UM breaks into Times Higher Education’s top 20

UM secured the 18th spot in THE’s Emerging Economies University Rankings 2019 — its highest position yet, making it to the top 20 league for the first time. — Picture by Yusof Mat Isa
UM secured the 18th spot in THE’s Emerging Economies University Rankings 2019 — its highest position yet, making it to the top 20 league for the first time. — Picture by Yusof Mat Isa

KUALA LUMPUR, Jan 16 — The University of Malaya (UM) has ranked among the top 20 universities worldwide in the Times Higher Education’s (THE) listing of varsities in emerging economies.

UM secured the 18th spot in THE’s Emerging Economies University Rankings 2019 — making it to the top 20 league for the first time and its highest position yet.

The private university rose nine spots from 27th place in the list last year.

“Malaya is the highest rising institution in this year’s top 20, progressing across the board — with improvements to its teaching (learning environment), research (volume, income and reputation), international outlook (staff, students and research), citations (research influence) and industry income (knowledge transfer) scores,” THE said in a statement today.

Apart from UM, Universiti Teknologi Petronas (UTP) and Universiti Teknologi Malaysia (UTM) have also made significant strides.

UTP rose 17 positions to join the top 60 league, with improvements in all areas except industry income, whereas UTM climbed 15 positions, sitting in the top 100 league at 86.

“Malaysia has 11 institutions represented in the overall 2019 table, up from nine last year. It retains eight in the top 200.

“Alongside two new entrants, a strong year for the country sees six of its total 11 institutions advance, with just three declining,” THE added.

However, THE global rankings editor Ellie Bothwell cautioned that cuts to higher education funding posed a threat to Malaysia’s success in the coming years.

“Malaysia is one of the success stories of this year’s ranking, with many of the country’s universities rising. The nation is rapidly becoming an international student hub, and reforms aimed at granting students greater political freedoms — and its universities more autonomy — are welcome.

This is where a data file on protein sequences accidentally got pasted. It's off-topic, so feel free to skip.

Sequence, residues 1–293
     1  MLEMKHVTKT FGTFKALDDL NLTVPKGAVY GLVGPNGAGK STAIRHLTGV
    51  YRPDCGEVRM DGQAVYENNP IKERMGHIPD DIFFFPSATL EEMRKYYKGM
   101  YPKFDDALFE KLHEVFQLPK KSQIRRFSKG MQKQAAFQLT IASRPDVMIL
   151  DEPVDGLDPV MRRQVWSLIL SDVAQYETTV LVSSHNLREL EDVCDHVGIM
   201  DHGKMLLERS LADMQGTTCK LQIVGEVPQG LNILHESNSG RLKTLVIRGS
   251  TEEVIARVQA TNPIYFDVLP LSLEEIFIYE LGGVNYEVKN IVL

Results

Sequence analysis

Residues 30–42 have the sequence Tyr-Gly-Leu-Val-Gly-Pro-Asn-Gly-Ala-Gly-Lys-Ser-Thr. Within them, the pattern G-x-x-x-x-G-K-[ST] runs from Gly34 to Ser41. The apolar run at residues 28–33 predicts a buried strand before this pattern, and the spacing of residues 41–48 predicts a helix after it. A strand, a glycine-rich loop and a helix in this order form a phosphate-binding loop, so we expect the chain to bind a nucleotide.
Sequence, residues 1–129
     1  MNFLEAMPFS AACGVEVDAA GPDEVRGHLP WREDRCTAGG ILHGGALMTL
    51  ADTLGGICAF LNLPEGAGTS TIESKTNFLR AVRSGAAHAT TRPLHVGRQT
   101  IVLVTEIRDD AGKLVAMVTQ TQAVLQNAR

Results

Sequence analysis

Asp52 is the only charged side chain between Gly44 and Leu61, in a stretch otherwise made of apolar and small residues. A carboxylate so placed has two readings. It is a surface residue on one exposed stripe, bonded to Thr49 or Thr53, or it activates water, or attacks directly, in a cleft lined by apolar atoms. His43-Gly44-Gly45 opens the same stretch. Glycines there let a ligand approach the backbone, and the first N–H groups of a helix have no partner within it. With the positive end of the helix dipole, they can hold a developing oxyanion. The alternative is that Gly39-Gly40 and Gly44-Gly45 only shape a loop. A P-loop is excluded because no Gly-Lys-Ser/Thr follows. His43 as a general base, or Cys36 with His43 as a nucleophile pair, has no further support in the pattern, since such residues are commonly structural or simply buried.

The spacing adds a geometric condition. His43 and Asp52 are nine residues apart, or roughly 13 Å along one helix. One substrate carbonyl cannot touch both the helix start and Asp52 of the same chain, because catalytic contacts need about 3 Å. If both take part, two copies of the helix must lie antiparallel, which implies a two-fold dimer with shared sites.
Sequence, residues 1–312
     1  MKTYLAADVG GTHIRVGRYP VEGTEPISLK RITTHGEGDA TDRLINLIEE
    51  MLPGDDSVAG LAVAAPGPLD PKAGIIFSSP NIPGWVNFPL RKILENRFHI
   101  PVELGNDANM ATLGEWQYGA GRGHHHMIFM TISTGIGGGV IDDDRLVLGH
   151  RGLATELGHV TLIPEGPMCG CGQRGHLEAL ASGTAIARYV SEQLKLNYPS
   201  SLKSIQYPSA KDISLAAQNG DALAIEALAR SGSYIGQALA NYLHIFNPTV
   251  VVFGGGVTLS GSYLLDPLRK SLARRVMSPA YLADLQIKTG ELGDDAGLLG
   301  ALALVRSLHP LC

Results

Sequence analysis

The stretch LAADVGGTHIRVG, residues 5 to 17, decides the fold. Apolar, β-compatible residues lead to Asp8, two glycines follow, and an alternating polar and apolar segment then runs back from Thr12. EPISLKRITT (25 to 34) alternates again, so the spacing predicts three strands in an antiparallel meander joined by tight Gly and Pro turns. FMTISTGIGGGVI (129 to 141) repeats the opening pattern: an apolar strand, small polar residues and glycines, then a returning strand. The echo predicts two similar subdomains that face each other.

“However, cuts to higher education funding pose a threat to the nation’s success in future years. Malaysia must ensure that its universities receive enough investment to thrive in an increasingly competitive global higher education market,” Bothwell said.

The top performer in the list for this year is China that is represented by 72 universities, up from 63 last year.

The republic claimed four of the top five rankings, with a Russian institution claiming the fifth spot.

“Tsinghua University surpasses Peking University as this year’s top institution overall, while Zhejiang University rises three positions to third, the University of Science and Technology of China climbs one place to fourth and Russia’s Lomonosov Moscow State University completes 2019’s top five,” THE said.

The overall 2019 ranking comprises nearly 450 universities — expanded from 378 last year — from 43 countries, across four continents.

THE is a global organisation that produces data, analysis and expertise on higher education.

*A previous version of this story contained an error which has since been corrected. 

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